Canadian animator Peter Lepeniotis will direct Zombie Town. Stine’s kid’s book sees a quiet town upended when 12-year-old Mike and his friend, Karen, see a horror movie called Zombie Town and unexpectedly see the title characters leap off the screen and chase them through the theater.

Zombie Town will premiere in U.S. theaters before streaming on Hulu and then ABC Australia in 2023.

“We are delighted to bring the pages of R.L. Stine’s Zombie Town to the screen and equally thrilled to be working with such an exceptional cast and crew on this production. A three-time Nickelodeon Kids Choice Award winner with book sales of over $500 million, R.L. Stine has a phenomenal track record of crafting stories that engage and entertain audiences,” John Gillespie, Trimuse Entertainment founder and executive producer, said in a statement.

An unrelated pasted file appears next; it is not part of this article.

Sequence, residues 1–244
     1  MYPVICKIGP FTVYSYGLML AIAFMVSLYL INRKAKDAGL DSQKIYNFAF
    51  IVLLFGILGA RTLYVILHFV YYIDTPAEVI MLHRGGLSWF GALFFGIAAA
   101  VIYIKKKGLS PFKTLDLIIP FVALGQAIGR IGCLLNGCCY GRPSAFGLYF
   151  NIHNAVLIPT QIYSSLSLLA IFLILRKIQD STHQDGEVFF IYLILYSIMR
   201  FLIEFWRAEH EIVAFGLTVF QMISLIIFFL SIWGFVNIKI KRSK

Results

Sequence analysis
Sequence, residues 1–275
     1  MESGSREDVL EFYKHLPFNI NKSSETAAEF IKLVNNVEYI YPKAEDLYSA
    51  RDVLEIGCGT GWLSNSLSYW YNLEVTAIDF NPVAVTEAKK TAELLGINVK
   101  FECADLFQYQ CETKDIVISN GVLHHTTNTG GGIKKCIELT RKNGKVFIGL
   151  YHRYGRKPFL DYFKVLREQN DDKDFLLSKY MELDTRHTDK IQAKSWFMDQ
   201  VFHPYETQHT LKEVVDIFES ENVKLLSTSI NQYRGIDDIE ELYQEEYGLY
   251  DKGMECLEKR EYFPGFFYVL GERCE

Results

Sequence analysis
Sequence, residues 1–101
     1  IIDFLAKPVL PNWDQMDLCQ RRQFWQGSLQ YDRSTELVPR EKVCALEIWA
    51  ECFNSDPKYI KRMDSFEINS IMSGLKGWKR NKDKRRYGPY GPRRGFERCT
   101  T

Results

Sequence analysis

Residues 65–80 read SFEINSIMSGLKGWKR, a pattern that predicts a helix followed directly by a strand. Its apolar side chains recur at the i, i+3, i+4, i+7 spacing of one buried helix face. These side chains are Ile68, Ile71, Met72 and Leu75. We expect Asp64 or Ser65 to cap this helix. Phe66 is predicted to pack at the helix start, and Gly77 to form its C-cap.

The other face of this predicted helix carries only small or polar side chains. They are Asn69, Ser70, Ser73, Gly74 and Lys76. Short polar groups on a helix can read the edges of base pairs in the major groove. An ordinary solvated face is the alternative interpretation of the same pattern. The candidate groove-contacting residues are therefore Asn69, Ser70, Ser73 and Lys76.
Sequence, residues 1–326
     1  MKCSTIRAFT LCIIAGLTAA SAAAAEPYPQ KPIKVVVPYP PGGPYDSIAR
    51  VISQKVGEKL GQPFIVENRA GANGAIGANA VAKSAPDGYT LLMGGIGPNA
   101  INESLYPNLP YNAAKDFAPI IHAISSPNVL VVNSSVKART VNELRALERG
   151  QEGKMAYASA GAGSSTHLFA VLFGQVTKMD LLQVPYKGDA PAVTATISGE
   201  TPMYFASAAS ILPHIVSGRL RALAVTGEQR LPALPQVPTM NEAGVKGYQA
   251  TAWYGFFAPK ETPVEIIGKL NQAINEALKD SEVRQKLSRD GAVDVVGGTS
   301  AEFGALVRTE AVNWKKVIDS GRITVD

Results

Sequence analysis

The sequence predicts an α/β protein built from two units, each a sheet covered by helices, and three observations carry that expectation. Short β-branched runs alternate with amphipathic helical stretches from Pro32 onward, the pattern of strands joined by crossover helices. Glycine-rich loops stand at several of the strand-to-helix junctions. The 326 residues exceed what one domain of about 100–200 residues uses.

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Executive producers are Trimuse Entertainment, Toonz Media Group, Lookout Entertainment, Viva Pictures and Sons of Anarchy actor Kim Coates.  

Paco Alvarez and Mark Holdom of Trimuse negotiated the deal to acquire the rights to Stine’s Zombie Town book.